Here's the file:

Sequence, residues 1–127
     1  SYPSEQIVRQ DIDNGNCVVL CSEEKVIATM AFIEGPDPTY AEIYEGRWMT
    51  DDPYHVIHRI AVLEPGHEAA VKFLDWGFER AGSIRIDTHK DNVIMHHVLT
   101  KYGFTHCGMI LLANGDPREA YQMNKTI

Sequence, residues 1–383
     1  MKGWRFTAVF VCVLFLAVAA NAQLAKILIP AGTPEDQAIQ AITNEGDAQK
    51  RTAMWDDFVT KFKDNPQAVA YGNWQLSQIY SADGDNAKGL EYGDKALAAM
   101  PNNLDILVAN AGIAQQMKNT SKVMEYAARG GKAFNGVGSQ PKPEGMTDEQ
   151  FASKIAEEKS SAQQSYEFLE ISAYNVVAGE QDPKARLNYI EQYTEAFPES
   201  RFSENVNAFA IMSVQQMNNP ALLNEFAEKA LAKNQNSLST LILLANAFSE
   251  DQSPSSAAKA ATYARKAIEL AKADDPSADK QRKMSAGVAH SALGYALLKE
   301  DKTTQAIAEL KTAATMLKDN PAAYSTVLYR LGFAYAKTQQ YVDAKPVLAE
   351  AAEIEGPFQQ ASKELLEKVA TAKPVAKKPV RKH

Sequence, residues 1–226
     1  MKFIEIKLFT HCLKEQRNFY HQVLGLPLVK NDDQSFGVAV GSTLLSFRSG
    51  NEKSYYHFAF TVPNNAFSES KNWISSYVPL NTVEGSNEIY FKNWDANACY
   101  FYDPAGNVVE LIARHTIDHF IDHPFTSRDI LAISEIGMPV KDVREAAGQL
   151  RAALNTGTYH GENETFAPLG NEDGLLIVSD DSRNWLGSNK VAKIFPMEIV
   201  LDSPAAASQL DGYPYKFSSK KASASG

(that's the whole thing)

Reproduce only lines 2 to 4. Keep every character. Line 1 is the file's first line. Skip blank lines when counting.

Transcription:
     1  SYPSEQIVRQ DIDNGNCVVL CSEEKVIATM AFIEGPDPTY AEIYEGRWMT
    51  DDPYHVIHRI AVLEPGHEAA VKFLDWGFER AGSIRIDTHK DNVIMHHVLT
   101  KYGFTHCGMI LLANGDPREA YQMNKTI